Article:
Furcation Nabers probe and furca classification
According to the glossary of terms of the American Academy of Periodontology, a furcation involvement exists when periodontal disease has caused attachment loss and resorption of bone into the bi- or trifurcation area of a multi-rooted tooth.
Various classification systems have been proposed to describe furcation lesions.
- Classification of the horizontal component of furcation involvement
In 1975 Hamp, Nyman and Lindhe proposed a classification system referring to the horizontal attachment loss which is based on three classes:
Class I: horizontal attachment loss < 3 mm of the total width of the furcation area
Class II: horizontal attachment loss > 3 mm but not encompassing the total width of the furcation area
Class III: “through and through” destruction of the periodontal tissue in the furcation area
Naber’s probe is used to determine the extent of the horizontal attachment loss in furcations.
Nabers color-coded probe
Color coded furcation probe
Silver and black increments of 3 mm
Used for probing furcation lesions to evaluate severity of horizontal furcation involvement
How to assess furcation involvement with Naber’s probe?
Assessment of possibility of furcation involvement
Possibility of furcation involvement by detecting the probing depth (PD) with the periodontal probe. Clinical attachment loss of 5mm may be indicative of possible furcation involvement on moral teeth.
Analysing periapical (PA) or panoramic (OPG), bone rarefication or radiolucency in furcation area may indicate furcation involvement.
Identifying access to the furcation
Maxillary molar teeth have three accesses to furcation:
Buccal access: usually positioned close to the midline of the tooth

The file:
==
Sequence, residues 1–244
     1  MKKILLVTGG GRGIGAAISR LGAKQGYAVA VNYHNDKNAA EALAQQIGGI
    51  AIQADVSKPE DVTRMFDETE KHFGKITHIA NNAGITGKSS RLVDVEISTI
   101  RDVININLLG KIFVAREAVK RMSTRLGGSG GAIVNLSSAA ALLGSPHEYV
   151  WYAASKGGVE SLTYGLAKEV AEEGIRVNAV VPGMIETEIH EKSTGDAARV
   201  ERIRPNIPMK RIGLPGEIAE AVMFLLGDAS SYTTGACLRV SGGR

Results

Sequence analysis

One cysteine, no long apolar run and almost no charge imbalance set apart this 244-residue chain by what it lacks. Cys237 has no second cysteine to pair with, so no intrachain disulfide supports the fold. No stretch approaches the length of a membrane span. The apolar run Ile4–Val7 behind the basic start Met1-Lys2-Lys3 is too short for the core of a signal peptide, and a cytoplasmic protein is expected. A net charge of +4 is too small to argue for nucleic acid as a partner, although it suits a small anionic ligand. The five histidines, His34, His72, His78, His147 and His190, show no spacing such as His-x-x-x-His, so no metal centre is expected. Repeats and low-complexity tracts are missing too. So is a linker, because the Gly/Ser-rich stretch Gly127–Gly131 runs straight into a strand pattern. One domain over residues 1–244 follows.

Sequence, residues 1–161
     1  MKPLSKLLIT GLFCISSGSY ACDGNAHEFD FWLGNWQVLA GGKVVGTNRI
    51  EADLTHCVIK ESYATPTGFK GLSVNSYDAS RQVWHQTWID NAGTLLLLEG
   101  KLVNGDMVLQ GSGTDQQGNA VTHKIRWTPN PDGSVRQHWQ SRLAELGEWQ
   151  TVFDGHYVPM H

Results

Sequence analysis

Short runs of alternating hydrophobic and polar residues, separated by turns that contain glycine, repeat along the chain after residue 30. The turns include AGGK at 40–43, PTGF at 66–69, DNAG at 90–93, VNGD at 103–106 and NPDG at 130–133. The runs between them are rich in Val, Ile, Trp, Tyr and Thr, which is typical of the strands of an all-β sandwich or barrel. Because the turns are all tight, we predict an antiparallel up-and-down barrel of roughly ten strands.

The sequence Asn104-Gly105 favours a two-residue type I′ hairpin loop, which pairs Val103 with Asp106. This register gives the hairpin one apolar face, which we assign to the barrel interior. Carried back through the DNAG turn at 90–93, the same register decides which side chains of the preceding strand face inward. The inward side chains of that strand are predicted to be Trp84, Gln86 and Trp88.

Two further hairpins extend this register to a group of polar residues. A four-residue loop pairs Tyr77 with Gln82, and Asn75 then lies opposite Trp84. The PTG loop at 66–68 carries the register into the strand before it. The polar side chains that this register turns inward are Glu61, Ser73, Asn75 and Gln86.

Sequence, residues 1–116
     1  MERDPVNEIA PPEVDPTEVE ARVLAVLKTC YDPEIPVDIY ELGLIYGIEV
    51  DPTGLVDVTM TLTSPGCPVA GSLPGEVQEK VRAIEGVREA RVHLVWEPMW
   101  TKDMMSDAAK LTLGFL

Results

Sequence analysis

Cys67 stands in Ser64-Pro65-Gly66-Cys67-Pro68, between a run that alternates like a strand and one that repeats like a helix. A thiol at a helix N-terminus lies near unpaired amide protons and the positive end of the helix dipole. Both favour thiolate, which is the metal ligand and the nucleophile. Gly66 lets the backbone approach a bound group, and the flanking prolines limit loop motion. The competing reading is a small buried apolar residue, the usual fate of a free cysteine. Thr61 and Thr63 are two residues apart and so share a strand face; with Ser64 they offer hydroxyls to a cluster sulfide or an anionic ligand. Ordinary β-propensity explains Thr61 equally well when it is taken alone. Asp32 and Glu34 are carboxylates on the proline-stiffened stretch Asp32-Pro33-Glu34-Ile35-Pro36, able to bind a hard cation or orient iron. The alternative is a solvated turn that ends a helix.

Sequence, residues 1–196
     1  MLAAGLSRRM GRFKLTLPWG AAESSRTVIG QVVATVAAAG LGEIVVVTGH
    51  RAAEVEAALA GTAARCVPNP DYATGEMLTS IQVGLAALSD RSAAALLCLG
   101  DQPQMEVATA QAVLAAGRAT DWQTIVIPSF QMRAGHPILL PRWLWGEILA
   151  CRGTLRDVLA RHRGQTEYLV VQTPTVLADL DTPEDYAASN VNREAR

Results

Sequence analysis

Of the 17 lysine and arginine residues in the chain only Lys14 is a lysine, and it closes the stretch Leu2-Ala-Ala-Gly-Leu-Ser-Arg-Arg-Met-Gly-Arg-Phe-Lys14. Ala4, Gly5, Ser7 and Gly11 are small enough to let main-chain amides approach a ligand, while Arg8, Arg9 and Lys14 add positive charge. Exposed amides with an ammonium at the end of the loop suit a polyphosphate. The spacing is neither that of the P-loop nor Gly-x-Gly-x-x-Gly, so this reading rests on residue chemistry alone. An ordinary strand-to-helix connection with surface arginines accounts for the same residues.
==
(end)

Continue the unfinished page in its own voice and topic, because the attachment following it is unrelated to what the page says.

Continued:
Mesial access: positioned closer to the palatal root – use palatal embrasure to access the mesial furcation
Distal access: positioned at the midpoint of distal surface – may use both buccal and/or palatal embrasure to access the distal furcation
Maxillary first premolars have two accesses to furcation: mesial and distal
Mandibular molars have two accesses to furcation:
Buccal and lingual access to furcation, both close to the midline of the teeth
Identification of the correct end for the corresponding furcation.
While the correct end of the probe is identified, the terminal shank of the probe must be more or less parallel to the occlusal surface of the tooth being examined.
Walk the probe in coronal-apical direction from distal to mesial line angles, first use short and then longer vertical strokes to insert the probe deeper into the pocket. Once the probe engages the furcation, apply pressure in horizontal direction to insert the probe into the furcation.
Assess horizontal involvement/attachment loss
Pilloni & Rojas. Furcation Involvement Classification: A Comprehensive Review and a New System Proposal. Dent. J. 2018, 6, 34; doi:10.3390/dj6030034
2. Classification of the vertical component of furcation involvement
A sub-classification referring to the vertical bone loss from the furcation fornix was introduced by Tarnow and Fletcher (1984) to complement the horizontal classification (I–III):
Subclass A: vertical bone loss 3 mm or less
Subclass B: vertical bone loss from 4 to 6 mm
Subclass C: bone loss from the fornix of 7 mm or more
Step I: Identify fornix of the furcation on PA radiogram
Step II: Divide root length into thirds (measured from the fornix) – cervical, middle and apical
Step III: Identify the level of bone in the furcation
Step IV: Assess the location of the bone loss in the furcation with respect to the root thirds